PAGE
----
A young chief executive who founded a thriving company appears to be at the peak of his success. But instead of enjoying his achievement, he is stressed and overwhelmed with responsibility. His problem is a failure to delegate work.
“The company is a triangle and I feel at the bottom of it, holding everything up,” is how he expresses his dilemma. Although he envies managers who are able to delegate, he feels unable to, believing that the company is an extension of himself and his personality.
He adds: “I make these emotional connections and I believe that what I do is about the relationships I make with people. I never wanted to delegate for fear of losing my clients.”
Although most executives would agree that delegating is crucial to a business’s success, many still micromanage in such a way that they continue to control most aspects of the work.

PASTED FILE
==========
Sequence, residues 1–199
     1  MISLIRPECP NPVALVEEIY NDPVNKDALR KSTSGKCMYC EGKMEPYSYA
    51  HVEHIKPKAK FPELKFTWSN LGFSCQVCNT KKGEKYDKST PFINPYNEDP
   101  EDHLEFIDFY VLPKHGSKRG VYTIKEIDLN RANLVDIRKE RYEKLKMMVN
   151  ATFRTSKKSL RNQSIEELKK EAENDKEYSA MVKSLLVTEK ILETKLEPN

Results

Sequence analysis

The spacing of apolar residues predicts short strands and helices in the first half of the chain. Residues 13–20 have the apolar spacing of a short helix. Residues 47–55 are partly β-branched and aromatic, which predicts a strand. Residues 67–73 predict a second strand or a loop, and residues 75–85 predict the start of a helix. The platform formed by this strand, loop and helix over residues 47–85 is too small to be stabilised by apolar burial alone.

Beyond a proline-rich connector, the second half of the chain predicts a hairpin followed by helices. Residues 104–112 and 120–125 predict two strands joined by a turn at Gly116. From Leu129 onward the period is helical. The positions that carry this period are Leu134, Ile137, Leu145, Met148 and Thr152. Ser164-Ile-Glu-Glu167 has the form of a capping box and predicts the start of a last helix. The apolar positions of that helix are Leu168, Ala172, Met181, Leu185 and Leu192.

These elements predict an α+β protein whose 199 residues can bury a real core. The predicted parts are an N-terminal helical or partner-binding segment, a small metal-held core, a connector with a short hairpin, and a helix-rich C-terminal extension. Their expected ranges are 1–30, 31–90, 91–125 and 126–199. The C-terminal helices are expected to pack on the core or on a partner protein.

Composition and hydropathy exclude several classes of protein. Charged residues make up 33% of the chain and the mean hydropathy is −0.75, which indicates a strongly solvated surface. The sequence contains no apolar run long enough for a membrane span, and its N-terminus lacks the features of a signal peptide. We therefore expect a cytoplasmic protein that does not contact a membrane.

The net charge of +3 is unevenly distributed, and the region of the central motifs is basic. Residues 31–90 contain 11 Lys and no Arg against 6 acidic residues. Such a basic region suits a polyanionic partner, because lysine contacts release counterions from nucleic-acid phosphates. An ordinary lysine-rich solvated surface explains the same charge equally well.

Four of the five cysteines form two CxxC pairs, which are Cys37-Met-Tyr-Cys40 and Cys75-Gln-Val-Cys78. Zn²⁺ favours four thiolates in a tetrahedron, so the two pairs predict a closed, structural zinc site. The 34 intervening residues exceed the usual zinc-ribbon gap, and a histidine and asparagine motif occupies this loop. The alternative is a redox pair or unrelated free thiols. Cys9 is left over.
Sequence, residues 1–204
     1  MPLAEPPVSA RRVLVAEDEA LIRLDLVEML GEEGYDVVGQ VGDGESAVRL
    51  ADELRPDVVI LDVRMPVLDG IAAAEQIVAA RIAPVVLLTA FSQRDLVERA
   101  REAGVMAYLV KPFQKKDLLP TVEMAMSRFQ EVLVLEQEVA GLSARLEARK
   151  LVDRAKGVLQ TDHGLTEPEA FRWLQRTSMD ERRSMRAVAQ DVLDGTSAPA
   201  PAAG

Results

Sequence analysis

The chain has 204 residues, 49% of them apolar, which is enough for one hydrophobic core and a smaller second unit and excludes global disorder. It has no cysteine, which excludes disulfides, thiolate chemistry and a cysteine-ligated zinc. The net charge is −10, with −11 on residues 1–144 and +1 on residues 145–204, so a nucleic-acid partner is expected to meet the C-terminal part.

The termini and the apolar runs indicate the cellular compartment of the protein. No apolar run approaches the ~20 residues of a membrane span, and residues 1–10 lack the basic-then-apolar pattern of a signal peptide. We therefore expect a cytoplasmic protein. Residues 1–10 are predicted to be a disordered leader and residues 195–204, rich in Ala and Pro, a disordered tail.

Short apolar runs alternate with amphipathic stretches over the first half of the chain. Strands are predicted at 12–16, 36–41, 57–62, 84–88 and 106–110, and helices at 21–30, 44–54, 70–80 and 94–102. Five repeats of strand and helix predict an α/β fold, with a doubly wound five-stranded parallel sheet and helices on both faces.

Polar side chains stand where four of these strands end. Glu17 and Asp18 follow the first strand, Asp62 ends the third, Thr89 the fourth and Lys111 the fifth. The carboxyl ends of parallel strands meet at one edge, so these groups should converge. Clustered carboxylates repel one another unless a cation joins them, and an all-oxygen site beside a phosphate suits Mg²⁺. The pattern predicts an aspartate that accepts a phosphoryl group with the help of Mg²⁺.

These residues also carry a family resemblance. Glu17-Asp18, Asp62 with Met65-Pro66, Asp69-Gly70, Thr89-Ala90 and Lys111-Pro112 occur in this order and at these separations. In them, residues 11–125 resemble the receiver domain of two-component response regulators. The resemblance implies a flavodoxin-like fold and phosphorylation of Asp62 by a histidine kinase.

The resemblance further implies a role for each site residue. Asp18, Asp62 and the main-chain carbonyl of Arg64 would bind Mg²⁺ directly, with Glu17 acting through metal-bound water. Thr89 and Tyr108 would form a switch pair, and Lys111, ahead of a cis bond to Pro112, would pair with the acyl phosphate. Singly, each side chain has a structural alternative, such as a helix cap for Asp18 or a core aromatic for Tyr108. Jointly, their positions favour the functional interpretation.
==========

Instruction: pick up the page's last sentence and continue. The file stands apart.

For many, the skill of delegating can be learnt. But when an executive fails to do so even if it is essential to the growth and functioning of the business, the problem may be more deep-rooted. Beliefs that I have come across in my psychotherapy practice, such as “this business is all about me”; “no one can do it as well as me”; or “people are likely to let me down”, are all justifications that sabotage delegation.
One consequence of these beliefs is that staff being managed can feel undermined or undervalued, and may soon lose interest in their jobs. The harm to the company can be twofold, according to Jeannie Hodder, a business coach who works at London Business School. First, micromanaged staff cease thinking for themselves, and without imaginative input the company is deprived of innovative ideas and can stagnate. Second, overly hands-on executives can be left feeling overburdened and stressed, and without time to devise strategy.